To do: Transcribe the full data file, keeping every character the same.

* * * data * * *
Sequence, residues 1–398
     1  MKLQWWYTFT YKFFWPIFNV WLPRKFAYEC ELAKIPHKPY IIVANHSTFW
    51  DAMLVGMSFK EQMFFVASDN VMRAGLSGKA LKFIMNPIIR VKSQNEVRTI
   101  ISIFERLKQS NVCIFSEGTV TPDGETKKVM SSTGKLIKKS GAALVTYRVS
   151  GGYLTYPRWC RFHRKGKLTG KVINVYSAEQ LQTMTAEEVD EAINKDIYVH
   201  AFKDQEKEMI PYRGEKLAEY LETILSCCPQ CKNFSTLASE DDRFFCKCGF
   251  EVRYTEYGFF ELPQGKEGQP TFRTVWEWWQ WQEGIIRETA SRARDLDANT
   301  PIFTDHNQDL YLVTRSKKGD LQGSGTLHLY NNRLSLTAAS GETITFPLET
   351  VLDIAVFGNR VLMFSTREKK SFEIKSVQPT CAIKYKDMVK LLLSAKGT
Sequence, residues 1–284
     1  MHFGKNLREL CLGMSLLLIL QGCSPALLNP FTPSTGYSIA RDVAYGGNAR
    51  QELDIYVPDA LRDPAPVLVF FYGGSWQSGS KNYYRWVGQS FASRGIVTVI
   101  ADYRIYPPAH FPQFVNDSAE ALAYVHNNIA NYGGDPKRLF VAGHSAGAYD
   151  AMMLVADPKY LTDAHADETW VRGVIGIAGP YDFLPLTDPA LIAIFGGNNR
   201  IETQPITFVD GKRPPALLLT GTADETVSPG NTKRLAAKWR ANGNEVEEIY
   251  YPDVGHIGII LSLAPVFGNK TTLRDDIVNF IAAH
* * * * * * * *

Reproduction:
Sequence, residues 1–398
     1  MKLQWWYTFT YKFFWPIFNV WLPRKFAYEC ELAKIPHKPY IIVANHSTFW
    51  DAMLVGMSFK EQMFFVASDN VMRAGLSGKA LKFIMNPIIR VKSQNEVRTI
   101  ISIFERLKQS NVCIFSEGTV TPDGETKKVM SSTGKLIKKS GAALVTYRVS
   151  GGYLTYPRWC RFHRKGKLTG KVINVYSAEQ LQTMTAEEVD EAINKDIYVH
   201  AFKDQEKEMI PYRGEKLAEY LETILSCCPQ CKNFSTLASE DDRFFCKCGF
   251  EVRYTEYGFF ELPQGKEGQP TFRTVWEWWQ WQEGIIRETA SRARDLDANT
   301  PIFTDHNQDL YLVTRSKKGD LQGSGTLHLY NNRLSLTAAS GETITFPLET
   351  VLDIAVFGNR VLMFSTREKK SFEIKSVQPT CAIKYKDMVK LLLSAKGT
Sequence, residues 1–284
     1  MHFGKNLREL CLGMSLLLIL QGCSPALLNP FTPSTGYSIA RDVAYGGNAR
    51  QELDIYVPDA LRDPAPVLVF FYGGSWQSGS KNYYRWVGQS FASRGIVTVI
   101  ADYRIYPPAH FPQFVNDSAE ALAYVHNNIA NYGGDPKRLF VAGHSAGAYD
   151  AMMLVADPKY LTDAHADETW VRGVIGIAGP YDFLPLTDPA LIAIFGGNNR
   201  IETQPITFVD GKRPPALLLT GTADETVSPG NTKRLAAKWR ANGNEVEEIY
   251  YPDVGHIGII LSLAPVFGNK TTLRDDIVNF IAAH